Michael J. Sullivan (R)
BOSTON -- The U.S. Attorney's office in Massachusetts has no doubt bolstered attorneys-general nationwide in their on-going efforts to win big settlements from "Big Pharma" drugmakers.
District Attorney Michael J. Sullivan on Friday announced that Bristol-Myers Squibb Co. (BMS) and subsidiary Apothecon Inc. would pay over $515 million to settle an array of federal and state lawsuits over anti-psychotic drug Abilify. The suits claimed BMS marketed the drug illegally and paid kickbacks to prescribers.
State attorneys-general have already sued Eli Lilly over similar "off-label" marketing of its anti-psychotic drug, Zyprexa. Thirty state AGs are currently investigating industry-wide off-label marketing - where drugs are prescibed for uses other than approved - of anti-anxiety drugs, LNL reported.
Similar lawsuits against off-label marketing have been launched against Pfizer's Vioxx, an anti-inflammatory medication since withdrawn from the market because of harmful side-effects.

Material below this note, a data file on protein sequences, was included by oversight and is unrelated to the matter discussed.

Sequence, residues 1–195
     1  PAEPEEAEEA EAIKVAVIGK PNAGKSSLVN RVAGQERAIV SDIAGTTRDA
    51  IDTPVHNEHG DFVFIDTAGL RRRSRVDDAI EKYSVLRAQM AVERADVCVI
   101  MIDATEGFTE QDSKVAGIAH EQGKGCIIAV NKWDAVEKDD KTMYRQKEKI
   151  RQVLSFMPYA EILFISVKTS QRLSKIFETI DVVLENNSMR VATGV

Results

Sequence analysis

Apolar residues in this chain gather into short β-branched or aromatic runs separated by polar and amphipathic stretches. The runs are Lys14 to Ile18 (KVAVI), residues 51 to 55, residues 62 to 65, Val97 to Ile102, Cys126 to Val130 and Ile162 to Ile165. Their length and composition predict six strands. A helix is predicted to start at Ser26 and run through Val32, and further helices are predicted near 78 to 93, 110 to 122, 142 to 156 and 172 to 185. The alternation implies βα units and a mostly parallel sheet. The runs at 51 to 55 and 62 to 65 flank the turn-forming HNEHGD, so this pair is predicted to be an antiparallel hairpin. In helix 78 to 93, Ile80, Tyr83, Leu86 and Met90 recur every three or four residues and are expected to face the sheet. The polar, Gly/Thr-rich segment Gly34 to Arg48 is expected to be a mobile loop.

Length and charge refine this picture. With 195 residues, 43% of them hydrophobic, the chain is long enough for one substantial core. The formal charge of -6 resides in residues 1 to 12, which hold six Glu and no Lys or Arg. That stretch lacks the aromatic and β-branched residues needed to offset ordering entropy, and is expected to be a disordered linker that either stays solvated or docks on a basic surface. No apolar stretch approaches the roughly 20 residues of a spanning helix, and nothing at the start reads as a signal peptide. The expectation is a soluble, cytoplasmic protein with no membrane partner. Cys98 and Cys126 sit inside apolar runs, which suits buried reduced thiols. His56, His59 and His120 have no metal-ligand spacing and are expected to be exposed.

BMS said in a release Friday that the civil settlement with Sullivan's office had been agreed in principle in December 2006. The company has also forged a five-year agreement with the state Office of the Inspector General of the Department of Health and Human Services over its pharmaceuticals business.
Since 2000 the Massachusetts D.A.'s office has raked in some $4 billion from settlements with health-care companies over fraud suits, the Boston Globe reported Saturday. Friday's $515 million agreement with BMS is only the third-largest landed by the office, the Globe added, and covers the period 2000-2005.
The state alleged BMS and Apothecon offered kickbacks to doctors who prescribed Abilify from 2000 to 2003. It then claims BMS promoted Abilify, approved for anti-psychotic use and to treat schizophrenia and bipolar disporder, as a treatment for children and elderly dementia patients.
The suit included six filed against BMS in the District of Massachusetts and one from the Southern District of Florida, Sullivan's release stated. Company whstleblowers, who assisted the state's case, will receive $50 million between them.